Remembrance and Al-Alamein

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November 13th 2011
Published: November 13th 2011
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A Japanese VigilA Japanese VigilA Japanese Vigil

This man stood there like this for the hour it took the sun to rise, practically immobile.
This is only going to be a short entry but i feel it is a necessary one.

It would be a little disrespectful not to note Remembrance Day in this blog, especially as i managed to commemorate in such a unique way this year.

About 15minutes before the sun rose on Friday, I remembered that it was the 11th and therefore Remembrance Day. And it was then, at 5.30am, sitting at the summit of Mount Sinai, listening to an american choir sing 'Hallelujah', the first rays of sun escaping over the horizon to warm our icy extremities and flood the valleys spread below us with light, that i chose to do my minute's silence.

Despite it being a spot famous for religious pilgrimage, i couldn't quite declare the moment spiritual. There were a lot of people milling around, shrieking and taking 19million photos - which ruined the solemnity a little bit. However, although I wasn't moved to tears, as was the woman next to me, I was spellbound by that globe of brilliant light as it broke through a thin layer of cloud and rose up to start the day. It was truly fantastic. Watching the mountains wake
The Yellow LightThe Yellow LightThe Yellow Light

One of my favourite photos.
up and the first touch of the sun bathe everyone's faces in that gorgeous yellow light did make it a special moment. Even after an arduous 3 hour trek to the top, in the middle of the night, a little ill from some dodgy mexican food and with my horrendous balance regularly tested by a variety of boulders - it was worth it. The view was genuinely sublime and i couldn't stop smiling. I felt so small surrounded by so much of Nature's beauty all at once, (we could see both the sun and a full moon opposite each other at one point) and your own insignificance hits home as it dawns on you that the spectacle you are watching is utterly timeless. The sun rises on Mount Sinai with the same majesty every morning, whether i am there to witness it or not. It made me feel special and lucky, speechless and happy all at the same time. So i made sure that during my minutes silence i fervently thanked all the servicemen and women for all the things they have done and continue to do, all the sacrifices they have made and are still making so that today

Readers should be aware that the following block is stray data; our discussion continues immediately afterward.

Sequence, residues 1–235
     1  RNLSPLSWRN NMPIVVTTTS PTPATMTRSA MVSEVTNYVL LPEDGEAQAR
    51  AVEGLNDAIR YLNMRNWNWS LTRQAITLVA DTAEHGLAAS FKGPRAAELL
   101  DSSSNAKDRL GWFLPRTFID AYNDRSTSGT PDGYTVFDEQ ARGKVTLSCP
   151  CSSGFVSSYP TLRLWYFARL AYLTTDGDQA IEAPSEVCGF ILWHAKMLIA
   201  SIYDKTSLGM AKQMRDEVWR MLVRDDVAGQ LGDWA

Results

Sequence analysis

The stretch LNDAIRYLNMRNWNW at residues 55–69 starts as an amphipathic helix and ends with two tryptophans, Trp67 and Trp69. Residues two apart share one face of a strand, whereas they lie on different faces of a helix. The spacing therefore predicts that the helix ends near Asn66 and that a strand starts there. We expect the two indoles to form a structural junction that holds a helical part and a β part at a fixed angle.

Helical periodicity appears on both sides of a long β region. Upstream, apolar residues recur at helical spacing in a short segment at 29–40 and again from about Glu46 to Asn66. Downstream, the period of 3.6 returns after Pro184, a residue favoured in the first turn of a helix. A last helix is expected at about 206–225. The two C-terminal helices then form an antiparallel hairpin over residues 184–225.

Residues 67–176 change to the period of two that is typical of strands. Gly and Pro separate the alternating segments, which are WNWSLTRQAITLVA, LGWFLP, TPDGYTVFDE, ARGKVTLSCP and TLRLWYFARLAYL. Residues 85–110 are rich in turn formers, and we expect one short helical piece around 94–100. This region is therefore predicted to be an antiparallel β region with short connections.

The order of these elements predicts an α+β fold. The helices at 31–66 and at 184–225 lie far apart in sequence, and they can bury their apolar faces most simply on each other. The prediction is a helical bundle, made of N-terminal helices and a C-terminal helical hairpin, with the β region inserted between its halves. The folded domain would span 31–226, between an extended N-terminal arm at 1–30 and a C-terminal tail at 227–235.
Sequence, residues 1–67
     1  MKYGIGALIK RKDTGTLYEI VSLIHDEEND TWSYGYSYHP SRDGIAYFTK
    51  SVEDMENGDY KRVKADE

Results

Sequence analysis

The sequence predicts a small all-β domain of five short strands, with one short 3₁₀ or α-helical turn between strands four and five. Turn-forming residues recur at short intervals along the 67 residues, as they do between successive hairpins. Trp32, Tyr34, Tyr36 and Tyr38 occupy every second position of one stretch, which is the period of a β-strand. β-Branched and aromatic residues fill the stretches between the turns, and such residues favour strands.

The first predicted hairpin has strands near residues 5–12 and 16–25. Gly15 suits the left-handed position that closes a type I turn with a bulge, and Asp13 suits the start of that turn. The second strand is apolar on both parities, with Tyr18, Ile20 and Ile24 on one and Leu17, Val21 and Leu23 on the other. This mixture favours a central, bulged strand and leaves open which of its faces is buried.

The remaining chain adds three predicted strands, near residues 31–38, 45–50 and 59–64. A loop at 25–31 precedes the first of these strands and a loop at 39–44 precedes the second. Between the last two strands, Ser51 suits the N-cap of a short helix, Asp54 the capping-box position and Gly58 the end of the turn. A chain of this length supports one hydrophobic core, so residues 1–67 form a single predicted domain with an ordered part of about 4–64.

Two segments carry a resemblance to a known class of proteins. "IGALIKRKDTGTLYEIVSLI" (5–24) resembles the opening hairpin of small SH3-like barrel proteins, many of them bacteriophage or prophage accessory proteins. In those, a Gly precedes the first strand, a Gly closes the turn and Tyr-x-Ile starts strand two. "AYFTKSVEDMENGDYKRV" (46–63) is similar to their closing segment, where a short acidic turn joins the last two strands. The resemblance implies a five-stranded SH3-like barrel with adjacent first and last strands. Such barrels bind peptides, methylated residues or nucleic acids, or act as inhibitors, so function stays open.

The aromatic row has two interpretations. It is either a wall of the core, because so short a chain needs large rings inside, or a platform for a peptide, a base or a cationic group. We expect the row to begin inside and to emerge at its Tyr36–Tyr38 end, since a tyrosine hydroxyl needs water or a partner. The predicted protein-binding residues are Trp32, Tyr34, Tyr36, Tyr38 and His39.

The Sun on Mount SinaiThe Sun on Mount SinaiThe Sun on Mount Sinai

Me standing on the parapet of an old church at the summit of Mount Sinai just after daybreak.
i can travel around the world and experience such special moments as these.

Our servicemen, both past and present, deserve so much more respect than they are given in the main by our society today and i was incredibly grateful to the British Consulate in Egypt for putting on a free bus to Al-Alamein 3 weeks ago, so that we could all go and pay our respects to the Commonwealth soldiers who sacrificed their lives there during World War II. The War Graves Commission has done a fantastic job there of maintaining a very moving cemetery; rows and rows of young lives given for their countries tirelessly kept pristine by a team of gardeners. This grave inscription particularly moved me - "They rest beyond the speech of human pride, who loved this England and for England died."

It wasn't somewhere you had to agree with all actions taken in war or with the military in general to feel the power of the place. Just the chilling number of lives lost there, so carefully recorded, was enough to make everyone feel humbled. The knowledge that those seemingly endless gravestones covered the bodies of soldiers, who, to a man, had given their lives in the pursuit of justice and our future freedoms, demanded respect and the service itself was a quiet testament to that sentiment, well done with just the right amount of grandeur. The cemetery itself, surrounded by arid desert with an azure blue sea visible from the memorial was aptly described by the Reverend as 'an awesome place' and i feel extremely grateful that we witnessed such a moving spectacle.

I hope to finish this clumsily put entry more eloquently, with a poem my sister Becca and I wrote a few years ago now. It was read out perfectly on Remembrance Day 2006 by Bex in Trafalgar Sq, on national TV and i think it expresses much more articulately at least some of the message i am trying to convey with this entry. And it is Sullivan words, so the content remains faithful to it's author in that sense at least.

There Lie Forgotten Men

They lie there in their thousands
The last rays of sunlight
Catching the white of the gravestones
Lending a poignancy to the moment
Numbering in their thousands they lay
Deserving remembrance
And yet the scarred green fields are empty
Nothing remains
The processions of people vanished with the years
Their sacrifice all but forgotten

She stands there alone
At the edge of the silent place
And she is shocked
New wars brew and these forgotten men
Will play no part in them
The dead silence warns no ears but hers
In great halls in moments of great decision
What they fought for is forsaken
And by days end new gravestones
Appear on the blood red ground

She finds what she seeks
'Sgt John Malley Age 27'
His life brutally ended
And she stands by his grave
But he can give no answers
And she weeps for him
For the empty hole he left behind
And for the new emptiness
Soon to join the black chasm
And her tears join the flood


13th November 2011

Beautifully expressed
It made me cry Meg and that i think says it all.

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